Explain the difference between "-D->/Direct" and "-D->/Dest" [IFR].

ADVANCED GPS FUNCTIONS.
Intercept a given course TO a waypoint [IFR].
Intercept a given course FROM a waypoint [IFR].
Select and track a course using OBS mode [IFR].
Describe what "station declination" is [IFR].
Describe how station declination affects CrsTo, CrsFr, and OBS modes [IFR]
Describe the SUSP function w/r/t CrsTo, CrsFr, and OBS modes [IFR].
Describe the differences between En-Route, Terminal, and Approach modes [IFR].

HOLDING.
Create and fly a hold at a random waypoint [IFR].
Fly a charted hold [IFR].
Resume flight plan after holding [IFR].

FLIGHT PLAN FUNCTIONS.
Program a full Origin to Destination flight plan [IFR].
Program a departure procedure [IFR].
Program a departure approach [IFR].
Program an arrival procedure [IRF].
Program a destination approach [IFR].
Program an alternate [IFR].
Explain the difference between the "Save" and "Exec" functions [IFR].
Load and execute a saved flight plan [IFR].
Accept direct to a pre-loaded waypoint in flight [IFR].
Accept a full re-route in flight [IFR].
Hold at a waypoint [IFR]
Enter a GPS approach and fly it [IFR].
Fly a missed approach [IFR].
Explain what happens on a GPS approach if you don't cross directly over the FAF [IFR].
Explain the difference between "fly over" and "fly by" waypoints [IFR].
Explain use of the GPS while flying an ILS approach [IFR].
Describe several situations where the unit will go into suspend mode [IFR].

MAP FUNCTIONS.
Activate map mode.
Explain how map page 1 differs from the other pages.
Demonstrate use of various declutter controls
Adjust map scale.
Turn auto-scaling on and off.
Explain the difference between magenta and white course lines [IFR].
Explain the meaning of a dashed course line [IFR].

MESSAGES.
Explain what the "Messages available" indicator looks like.
Demonstrate how to retrieve current or old messages.

Explain the meaning and proper action for the following common messages:
* WARNING Communications lost with [Com Radio, Nav Radio, etc].
* WARNING Altitude Encoder Communications Failure.
* WARNING Fuel Data Communications Failure.
* Countdown timer 1/2 expired [IFR].
* Steep turn ahead [IFR].
* Hold Parallel/Teardrop/Direct [IFR]
* WARNING Loss of Integrity Cross-Check NAV
* Integrity Restored Normal Ops.
* WARNING Loss of Navigation
* CDI Selection should be set to (Localizer/ILS/VOR) [IFR].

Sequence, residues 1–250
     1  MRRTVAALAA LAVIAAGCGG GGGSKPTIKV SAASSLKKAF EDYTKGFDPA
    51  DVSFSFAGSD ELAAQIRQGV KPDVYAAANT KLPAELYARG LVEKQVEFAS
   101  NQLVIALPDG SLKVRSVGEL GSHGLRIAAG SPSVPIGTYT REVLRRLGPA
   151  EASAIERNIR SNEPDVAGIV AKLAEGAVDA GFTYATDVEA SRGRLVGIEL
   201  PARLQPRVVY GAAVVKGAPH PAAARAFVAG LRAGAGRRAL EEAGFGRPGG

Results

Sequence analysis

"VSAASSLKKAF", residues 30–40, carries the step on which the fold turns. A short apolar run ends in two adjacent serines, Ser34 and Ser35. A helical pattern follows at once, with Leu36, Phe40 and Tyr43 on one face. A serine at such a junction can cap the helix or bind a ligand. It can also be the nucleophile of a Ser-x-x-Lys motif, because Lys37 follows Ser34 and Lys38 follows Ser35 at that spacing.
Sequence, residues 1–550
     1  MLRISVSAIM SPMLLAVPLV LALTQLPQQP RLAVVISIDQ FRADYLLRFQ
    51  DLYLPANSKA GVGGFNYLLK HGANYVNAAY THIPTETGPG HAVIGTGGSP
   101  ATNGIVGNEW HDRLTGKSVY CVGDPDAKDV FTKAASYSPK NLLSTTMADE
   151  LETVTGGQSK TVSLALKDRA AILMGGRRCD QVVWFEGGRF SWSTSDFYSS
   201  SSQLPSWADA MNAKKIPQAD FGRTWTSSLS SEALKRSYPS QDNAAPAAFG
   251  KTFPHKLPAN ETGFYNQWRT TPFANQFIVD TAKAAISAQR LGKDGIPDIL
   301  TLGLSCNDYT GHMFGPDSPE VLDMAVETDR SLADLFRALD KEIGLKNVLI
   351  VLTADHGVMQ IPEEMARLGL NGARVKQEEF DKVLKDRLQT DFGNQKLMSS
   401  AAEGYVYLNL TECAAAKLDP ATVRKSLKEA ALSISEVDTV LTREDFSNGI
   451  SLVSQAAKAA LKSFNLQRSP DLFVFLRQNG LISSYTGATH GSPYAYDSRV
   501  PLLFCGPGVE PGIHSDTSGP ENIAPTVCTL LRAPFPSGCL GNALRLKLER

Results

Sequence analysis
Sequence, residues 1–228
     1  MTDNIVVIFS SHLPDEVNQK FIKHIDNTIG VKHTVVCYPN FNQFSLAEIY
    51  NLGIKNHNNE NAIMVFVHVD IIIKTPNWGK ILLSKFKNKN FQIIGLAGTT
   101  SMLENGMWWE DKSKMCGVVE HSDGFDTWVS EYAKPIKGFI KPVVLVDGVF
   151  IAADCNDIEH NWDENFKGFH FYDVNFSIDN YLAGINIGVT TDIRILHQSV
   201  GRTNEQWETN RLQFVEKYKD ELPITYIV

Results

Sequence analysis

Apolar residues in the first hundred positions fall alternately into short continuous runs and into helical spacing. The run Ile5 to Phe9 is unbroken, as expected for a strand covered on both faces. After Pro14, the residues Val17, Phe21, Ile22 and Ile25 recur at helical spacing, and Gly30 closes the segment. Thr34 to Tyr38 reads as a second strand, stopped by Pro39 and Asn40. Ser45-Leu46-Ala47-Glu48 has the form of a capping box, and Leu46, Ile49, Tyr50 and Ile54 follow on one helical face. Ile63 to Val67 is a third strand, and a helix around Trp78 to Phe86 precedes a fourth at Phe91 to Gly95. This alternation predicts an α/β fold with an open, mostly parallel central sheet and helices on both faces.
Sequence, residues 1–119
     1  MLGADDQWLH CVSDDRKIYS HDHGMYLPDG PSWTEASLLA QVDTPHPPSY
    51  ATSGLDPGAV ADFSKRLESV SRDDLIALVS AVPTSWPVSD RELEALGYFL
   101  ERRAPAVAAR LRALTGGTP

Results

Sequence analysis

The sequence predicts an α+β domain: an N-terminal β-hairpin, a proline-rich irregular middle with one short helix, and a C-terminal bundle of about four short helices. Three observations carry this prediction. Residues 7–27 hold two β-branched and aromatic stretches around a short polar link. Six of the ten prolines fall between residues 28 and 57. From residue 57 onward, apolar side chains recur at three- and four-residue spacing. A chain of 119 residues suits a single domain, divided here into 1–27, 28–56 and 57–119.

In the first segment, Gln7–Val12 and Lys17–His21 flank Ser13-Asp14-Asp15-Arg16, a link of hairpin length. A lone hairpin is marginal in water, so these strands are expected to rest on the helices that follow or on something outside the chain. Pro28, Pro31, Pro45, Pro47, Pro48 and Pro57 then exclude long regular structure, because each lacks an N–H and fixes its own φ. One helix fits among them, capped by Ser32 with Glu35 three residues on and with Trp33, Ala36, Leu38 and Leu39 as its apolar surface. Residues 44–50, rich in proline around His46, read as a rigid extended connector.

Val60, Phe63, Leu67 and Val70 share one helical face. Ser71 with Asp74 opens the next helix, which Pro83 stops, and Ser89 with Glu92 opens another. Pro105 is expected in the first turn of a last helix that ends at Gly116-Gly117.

* VOR Receiver Should Be Tuned to xxx.xx for (approach) [IFR].
* Database expired on (date) [IFR].
* Baro Correction xx.yy CRSR to Change ENTER to Accept [IFR]
* Warning Loss of Navigation LOI On Approach [IFR].
* TILT Game Over

TIMERS.
Set and run a count-down timer [IFR].
Configure a timer to display superimposed on the map [IFR].

Last update: 22 June 2004
Please send comments, additions, and corrections to Roy Smith
"mailto:roy@panix.com"
roy@panix.com

GPS Problems
Thought I'd better share this as others might be flying approaches using the newest Jepp database for the Northstar M3 Approach GPS.

I downloaded the newest Northern Hemisphere database using Skybound USB just prior to going for an Instrument Proficiency Check. The examiner had me fly the GPS-B approach into KMMV using BERNI as the IAF. I selected and ACK'd the approach to fly direct BERNI and flew the indicated heading. When the GPS said I'd arrived at BERNI, I turned to enter the hold and the examiner asked me to look outside. I was right over the airport! BERNI is five miles Southwest of the airport!

I checked BERNI as an intersection as opposed to its position in the approach and it indicated at its correct distance and bearing. Flipped back to the approach and confirmed that it repeated the behavior after resetting the unit - it did. We then decided to fly the NBG(GPS) RWY22 approach using MINNE as the IAF. Went to dial it into the database and it didn't exist. The only IAFs listed were AAA, ABBMY and ABB#2, none of which exist.

I ended up flying the VOR for my non-precision approach and everything else was anticlimactic. When we got back, I pulled out last month's database card and put it in the GPS. Everything was fine on it.

I don't know how widespread the problem is, but I suspect that if two out of two approaches I sampled were bad, it might be ubiquitous. If so, someone could end up flying into a mountain five miles from the runway they think they're about to touch down on.

I notified Jeppesen and they are aware of the problem. Apparently CMC Electronics, who currently own the Northstar GPS software, are involved in the issue and are currently researching it.

BE CAREFUL!

I saw a similar issue last year with my approach certified Garmin. According to the data card, one of our local airports was over 50 miles from its actual location. Garmin blamed Jeppesen, and Jeppesen blamed Garmin. Moral: verify your data. Computers (GPS) are as smart as the data they are given.